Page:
About the Book:
Remembering the letter that says, “You are a remarkable woman and you deserve all the happiness, contentment, and love in the world. I, for one, know that I have never met anyone quite like you,” Rose Pritchard turns up on the doorstep of a B&B in England’s lake district. It is her last resort, as she and her seven-year-old daughter Maddie have left everything behind. They have come to the village of Millthwaite in search of the person who once offered Rose hope.
Almost immediately Rose wonders if she’s made a terrible mistake—if she’s chasing a dream—but she knows in her heart that she cannot go back. She’s been given a second chance—at life, and love—but will she have the courage to take it?
Blending wit, insight, and emotion with a sensitive touch and a warm dose of humor, Rowan Cowan has crafted a poignant novel that will linger with you long after the final page has been turned.
It is so easy to see where other people are doing it wrong. Why does she let him treat her like that? Why does he drink so much? Why does he chase all those loose women? Why does she dress like a tramp? What do people say about me? What do I do that "everyone" sees and shakes their head over?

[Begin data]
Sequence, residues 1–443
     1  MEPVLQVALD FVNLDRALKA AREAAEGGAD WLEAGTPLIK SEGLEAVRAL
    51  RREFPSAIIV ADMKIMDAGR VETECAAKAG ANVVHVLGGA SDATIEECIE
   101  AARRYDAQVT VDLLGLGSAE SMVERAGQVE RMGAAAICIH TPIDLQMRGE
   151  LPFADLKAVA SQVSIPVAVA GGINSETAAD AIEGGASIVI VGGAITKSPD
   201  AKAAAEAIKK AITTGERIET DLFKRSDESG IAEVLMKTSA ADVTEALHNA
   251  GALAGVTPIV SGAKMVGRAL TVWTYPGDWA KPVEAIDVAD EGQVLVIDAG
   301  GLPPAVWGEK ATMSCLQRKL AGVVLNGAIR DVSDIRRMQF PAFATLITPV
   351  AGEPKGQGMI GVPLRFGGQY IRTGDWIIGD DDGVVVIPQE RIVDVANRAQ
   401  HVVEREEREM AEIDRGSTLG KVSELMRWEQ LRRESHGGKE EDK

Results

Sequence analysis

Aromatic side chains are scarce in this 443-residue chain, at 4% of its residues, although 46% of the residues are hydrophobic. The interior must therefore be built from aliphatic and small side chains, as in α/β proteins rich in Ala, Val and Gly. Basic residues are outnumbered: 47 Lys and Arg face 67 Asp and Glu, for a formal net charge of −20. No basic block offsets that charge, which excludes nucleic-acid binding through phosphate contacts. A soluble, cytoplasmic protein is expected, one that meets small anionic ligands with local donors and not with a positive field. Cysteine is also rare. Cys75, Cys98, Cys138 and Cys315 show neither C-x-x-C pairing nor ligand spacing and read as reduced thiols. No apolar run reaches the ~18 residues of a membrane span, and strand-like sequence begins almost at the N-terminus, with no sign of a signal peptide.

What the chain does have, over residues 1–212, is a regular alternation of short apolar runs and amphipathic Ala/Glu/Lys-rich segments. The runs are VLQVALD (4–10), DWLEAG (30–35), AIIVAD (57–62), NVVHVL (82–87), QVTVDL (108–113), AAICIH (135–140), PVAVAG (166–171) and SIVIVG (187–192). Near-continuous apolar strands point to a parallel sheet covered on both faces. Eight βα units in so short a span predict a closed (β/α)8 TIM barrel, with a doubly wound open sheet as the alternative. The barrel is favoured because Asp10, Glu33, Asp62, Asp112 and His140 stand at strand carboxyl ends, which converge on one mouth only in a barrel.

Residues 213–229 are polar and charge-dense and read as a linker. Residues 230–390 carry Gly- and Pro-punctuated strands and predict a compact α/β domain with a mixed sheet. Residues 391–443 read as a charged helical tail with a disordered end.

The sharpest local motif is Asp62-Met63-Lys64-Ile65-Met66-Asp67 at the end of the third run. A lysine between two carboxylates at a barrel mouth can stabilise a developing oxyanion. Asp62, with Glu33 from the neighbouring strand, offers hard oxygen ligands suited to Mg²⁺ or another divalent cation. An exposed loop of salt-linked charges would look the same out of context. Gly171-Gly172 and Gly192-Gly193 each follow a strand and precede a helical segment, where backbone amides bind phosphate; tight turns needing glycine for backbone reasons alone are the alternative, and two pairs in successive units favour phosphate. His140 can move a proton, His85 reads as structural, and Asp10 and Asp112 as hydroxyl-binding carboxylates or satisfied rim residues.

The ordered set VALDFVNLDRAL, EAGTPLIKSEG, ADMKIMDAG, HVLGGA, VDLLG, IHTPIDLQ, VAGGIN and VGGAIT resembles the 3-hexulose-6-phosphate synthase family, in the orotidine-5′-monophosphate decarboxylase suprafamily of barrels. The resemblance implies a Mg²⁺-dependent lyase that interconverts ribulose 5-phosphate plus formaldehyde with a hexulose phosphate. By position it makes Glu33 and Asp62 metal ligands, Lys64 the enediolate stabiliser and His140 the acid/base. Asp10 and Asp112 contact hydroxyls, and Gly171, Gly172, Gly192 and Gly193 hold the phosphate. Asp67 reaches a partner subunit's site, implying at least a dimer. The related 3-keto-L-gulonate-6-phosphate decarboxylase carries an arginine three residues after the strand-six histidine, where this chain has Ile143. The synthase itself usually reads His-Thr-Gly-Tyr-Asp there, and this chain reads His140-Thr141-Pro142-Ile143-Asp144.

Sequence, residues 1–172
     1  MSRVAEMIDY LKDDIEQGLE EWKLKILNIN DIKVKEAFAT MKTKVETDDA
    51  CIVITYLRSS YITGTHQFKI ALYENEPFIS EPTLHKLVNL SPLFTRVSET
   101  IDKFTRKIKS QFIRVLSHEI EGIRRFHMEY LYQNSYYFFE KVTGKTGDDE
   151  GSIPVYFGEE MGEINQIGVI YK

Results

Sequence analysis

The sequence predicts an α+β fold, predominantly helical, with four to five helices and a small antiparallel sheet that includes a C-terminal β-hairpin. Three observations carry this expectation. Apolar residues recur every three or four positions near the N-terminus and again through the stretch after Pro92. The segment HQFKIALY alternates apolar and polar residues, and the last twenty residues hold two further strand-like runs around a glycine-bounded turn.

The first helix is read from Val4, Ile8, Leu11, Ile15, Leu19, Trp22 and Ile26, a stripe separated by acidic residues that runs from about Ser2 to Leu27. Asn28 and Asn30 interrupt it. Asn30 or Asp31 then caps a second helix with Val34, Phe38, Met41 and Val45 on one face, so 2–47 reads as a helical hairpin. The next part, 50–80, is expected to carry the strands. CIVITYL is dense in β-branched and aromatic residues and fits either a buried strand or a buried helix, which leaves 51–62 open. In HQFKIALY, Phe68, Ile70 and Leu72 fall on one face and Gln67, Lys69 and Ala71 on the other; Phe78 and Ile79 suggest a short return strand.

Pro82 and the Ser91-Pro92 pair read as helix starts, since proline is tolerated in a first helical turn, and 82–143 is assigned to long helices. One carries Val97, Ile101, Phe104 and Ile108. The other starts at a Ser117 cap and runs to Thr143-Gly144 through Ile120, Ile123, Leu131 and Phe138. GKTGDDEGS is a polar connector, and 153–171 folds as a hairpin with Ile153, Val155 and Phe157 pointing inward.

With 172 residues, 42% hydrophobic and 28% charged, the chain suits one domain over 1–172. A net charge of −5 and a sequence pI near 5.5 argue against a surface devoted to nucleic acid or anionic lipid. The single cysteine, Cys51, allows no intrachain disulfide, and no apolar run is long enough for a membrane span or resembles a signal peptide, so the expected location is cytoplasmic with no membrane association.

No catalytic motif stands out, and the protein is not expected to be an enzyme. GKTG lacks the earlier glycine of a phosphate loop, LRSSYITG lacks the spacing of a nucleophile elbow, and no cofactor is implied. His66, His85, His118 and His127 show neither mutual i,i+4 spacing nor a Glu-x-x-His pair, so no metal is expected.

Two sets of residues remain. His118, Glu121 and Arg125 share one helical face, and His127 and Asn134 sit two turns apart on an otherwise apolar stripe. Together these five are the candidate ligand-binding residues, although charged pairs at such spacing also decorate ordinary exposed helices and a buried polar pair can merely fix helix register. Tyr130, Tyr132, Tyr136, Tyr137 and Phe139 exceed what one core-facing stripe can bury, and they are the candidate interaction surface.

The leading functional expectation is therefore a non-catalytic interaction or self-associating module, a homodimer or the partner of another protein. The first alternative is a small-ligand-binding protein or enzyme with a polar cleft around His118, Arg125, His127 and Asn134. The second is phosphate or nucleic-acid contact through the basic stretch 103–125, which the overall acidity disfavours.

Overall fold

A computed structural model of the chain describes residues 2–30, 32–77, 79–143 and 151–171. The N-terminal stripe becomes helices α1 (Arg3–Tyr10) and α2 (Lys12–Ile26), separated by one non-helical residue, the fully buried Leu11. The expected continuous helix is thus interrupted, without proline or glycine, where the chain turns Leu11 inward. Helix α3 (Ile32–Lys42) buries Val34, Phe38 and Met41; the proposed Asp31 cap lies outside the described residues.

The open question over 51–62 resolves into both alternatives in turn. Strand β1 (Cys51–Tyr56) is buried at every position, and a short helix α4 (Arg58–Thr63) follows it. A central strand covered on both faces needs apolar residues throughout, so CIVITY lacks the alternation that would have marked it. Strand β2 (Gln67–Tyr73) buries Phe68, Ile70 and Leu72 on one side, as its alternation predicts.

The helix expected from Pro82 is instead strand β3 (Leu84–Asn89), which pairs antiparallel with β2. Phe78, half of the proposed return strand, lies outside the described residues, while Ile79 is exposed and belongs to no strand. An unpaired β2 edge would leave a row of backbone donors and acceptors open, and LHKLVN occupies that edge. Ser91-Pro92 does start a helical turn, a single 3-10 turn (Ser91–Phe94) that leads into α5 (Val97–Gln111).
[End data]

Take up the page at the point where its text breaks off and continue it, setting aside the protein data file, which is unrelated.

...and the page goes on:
Rose is a woman who has been emotionally abused for years by her husband. But one night she had enough and fled. Did she head to the local women's shelter, or the police station or any such place? No, she follows a dream; she goes looking for a man she met once. In the process she finds the father who abandoned her years ago. Her new life is wonderful; she has friends, she has men interested in her, she is creating a new relationship with her father. Can it last? Should it last?
This is one of those books that is much more about the characters than about the plot. Rose could easily see what was wrong in the lives of those in her path; this book is about her learning what is wrong in her life and putting it to right. It is the story of a woman who is learning what love is and reaching out to gain it in her life; however it is not a romance novel.
The other character who fascinated me was Rose's daughter, Maddie. Maddie is different that other children. She is very bright and very socially inept. She doesn't like change. She is a picky eater. My "mother of autistic child" radar went off right away predicting that autism would be Maddie's diagnosis. In this case Maddie was not diagnosed; rather, she was loved and cherished for who she was and it became obvious that what happened at home had far more effect on her than her mother ever realized.
If it is important to you, there are references to intimate activity but no actual intimate scenes.
I'd like to thank the publisher for making a review copy available via Edelweiss. Grade: B+